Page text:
It remains the case that the most debated, criticised act of involvement in Asia since World War Two was Vietnam. Yet the great elder statesman of Asia till his dying days—Lee Kuan Yew supported the Americans over Vietnam—said it bought time for countries like Indonesia, Malaya and Singapore.
On the Asian economic crisis and an Indonesia’s transition to democracy:
We had a big argument with the US Treasury, with Larry Summers, and he hadn’t forgotten it when I saw him 10 years later. We thought the Americans were too tough on the Indonesians.
I don’t think Indonesia has received enough credit for what has been achieved in the last 20 years. It’s gone from a military dictatorship to the third largest functioning democracy in the world in a relatively short period of time and they have got very little credit for that.
On volatility in the relationship with Indonesia:
I think it’s always going to be difficult. I’m not sure I’d say regular cooling and warming, but we are fundamentally very different countries. It’s hard to think of two countries living cheek by jowl with each other that are so fundamentally different. I can’t think of two European countries that are anything like it.
It’s one of those relationships that has to be consciously worked on. And in some respects, not micro managed, but very carefully managed.
On the need to expanding people to people links with Asia:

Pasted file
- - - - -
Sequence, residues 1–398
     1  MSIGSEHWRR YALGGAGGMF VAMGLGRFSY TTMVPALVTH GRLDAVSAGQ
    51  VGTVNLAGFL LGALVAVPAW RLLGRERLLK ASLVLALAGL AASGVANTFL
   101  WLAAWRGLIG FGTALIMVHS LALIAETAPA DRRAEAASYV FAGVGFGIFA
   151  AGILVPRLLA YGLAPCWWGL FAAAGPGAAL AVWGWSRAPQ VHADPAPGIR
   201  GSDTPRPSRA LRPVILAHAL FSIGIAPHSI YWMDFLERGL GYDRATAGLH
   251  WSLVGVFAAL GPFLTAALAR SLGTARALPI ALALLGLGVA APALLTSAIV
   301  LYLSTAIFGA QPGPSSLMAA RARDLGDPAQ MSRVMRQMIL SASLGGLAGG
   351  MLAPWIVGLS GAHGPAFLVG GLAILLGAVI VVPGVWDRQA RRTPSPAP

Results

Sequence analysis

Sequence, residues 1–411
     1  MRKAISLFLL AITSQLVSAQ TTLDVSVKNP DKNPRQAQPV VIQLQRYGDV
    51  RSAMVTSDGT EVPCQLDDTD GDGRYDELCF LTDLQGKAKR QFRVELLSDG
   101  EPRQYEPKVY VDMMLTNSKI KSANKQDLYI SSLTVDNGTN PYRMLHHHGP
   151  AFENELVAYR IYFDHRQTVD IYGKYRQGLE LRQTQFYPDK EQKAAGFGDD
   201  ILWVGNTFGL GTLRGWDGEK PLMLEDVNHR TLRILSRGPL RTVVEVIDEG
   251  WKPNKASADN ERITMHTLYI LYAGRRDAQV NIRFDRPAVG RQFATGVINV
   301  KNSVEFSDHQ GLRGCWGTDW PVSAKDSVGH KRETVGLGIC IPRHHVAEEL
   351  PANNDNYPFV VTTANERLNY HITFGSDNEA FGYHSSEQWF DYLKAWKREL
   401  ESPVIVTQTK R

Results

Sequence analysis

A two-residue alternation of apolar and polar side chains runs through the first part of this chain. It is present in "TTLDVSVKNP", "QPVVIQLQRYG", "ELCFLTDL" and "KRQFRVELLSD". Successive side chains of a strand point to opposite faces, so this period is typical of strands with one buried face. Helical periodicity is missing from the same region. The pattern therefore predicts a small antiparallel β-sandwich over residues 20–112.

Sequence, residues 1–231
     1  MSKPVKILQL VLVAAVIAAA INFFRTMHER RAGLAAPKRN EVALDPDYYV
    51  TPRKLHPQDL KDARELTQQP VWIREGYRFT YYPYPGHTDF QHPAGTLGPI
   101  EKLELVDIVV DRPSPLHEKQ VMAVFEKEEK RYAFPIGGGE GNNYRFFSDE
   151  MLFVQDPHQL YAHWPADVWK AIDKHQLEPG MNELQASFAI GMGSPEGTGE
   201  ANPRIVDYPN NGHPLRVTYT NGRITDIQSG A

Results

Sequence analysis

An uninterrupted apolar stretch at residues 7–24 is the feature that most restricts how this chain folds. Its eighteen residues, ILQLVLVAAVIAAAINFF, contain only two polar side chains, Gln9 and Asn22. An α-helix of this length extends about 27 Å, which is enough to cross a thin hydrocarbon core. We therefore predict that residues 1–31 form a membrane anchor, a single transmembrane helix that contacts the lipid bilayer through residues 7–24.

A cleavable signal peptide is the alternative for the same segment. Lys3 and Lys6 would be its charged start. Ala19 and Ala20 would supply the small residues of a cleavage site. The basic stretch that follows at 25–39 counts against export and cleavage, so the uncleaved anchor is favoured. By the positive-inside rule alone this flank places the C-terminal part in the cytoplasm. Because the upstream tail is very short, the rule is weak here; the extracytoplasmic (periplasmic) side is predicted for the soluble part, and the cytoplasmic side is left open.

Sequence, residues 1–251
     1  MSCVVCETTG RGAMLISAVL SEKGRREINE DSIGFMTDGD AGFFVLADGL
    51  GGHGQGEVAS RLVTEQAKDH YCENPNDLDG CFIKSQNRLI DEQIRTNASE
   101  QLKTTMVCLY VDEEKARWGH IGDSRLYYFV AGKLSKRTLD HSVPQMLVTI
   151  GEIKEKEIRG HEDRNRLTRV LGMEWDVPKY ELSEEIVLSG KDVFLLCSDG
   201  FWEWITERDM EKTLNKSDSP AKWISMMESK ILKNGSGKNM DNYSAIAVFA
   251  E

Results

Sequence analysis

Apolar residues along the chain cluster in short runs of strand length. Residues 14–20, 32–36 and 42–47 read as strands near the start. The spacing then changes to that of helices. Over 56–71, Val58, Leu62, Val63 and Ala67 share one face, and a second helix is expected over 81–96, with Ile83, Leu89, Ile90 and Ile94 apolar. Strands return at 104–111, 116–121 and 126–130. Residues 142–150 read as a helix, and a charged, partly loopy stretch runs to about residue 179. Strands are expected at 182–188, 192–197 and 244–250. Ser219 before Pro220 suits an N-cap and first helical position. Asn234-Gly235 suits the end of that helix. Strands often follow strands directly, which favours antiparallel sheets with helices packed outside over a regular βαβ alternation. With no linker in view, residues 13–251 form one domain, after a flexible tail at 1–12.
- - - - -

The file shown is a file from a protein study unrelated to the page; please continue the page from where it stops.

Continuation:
It’s got to happen naturally… We are far more deeply integrated with China in this sort of people to people thing because its happened naturally. We have always had Chinese in Australia and the rapid rise of the number of Australians with Chinese heritage happened fairly easily.
On Indonesian leaders:
The last one that we had a difficult relationship with was Megawati (Sukarnoputri). She went very silent after she (became president).
[S]he was very unresponsive. Very difficult if you are engaged with a leader and are trying to get a response. Other leaders I have spoken to have had the same experience.
On whether the East Timor intervention was a success:
Yes, because people were given the opportunity to choose a free future and we were a part of that—an integral part of that—so it has to be judged a success.
Obviously, loss of life along that way – never intended, but it’s not the first and won’t be the last time in human history that there will be a cost involved in giving people freedom.
And the other great thing about East Timor is that it lifted something from the collective conscience in our country.
So, I think it was a great success. There is always a cost but the benefits were overwhelmingly great.
On leadership of the international force in East Timor:
One of the great side benefits of our intervention in East Timor and the leadership we provided to INTERFET was that the rest of the world saw us as sort of an authority on the region, more so than previously.
On ongoing obligation to East Timor:
If it were to run into serious trouble we would have to step up. I hope it doesn’t.
Banner image: Former Prime Minister John Howard speaks at the 2017 Asialink Chairman's Lunch, Melbourne, Australia - November 24, 2017. Credit: Asialink.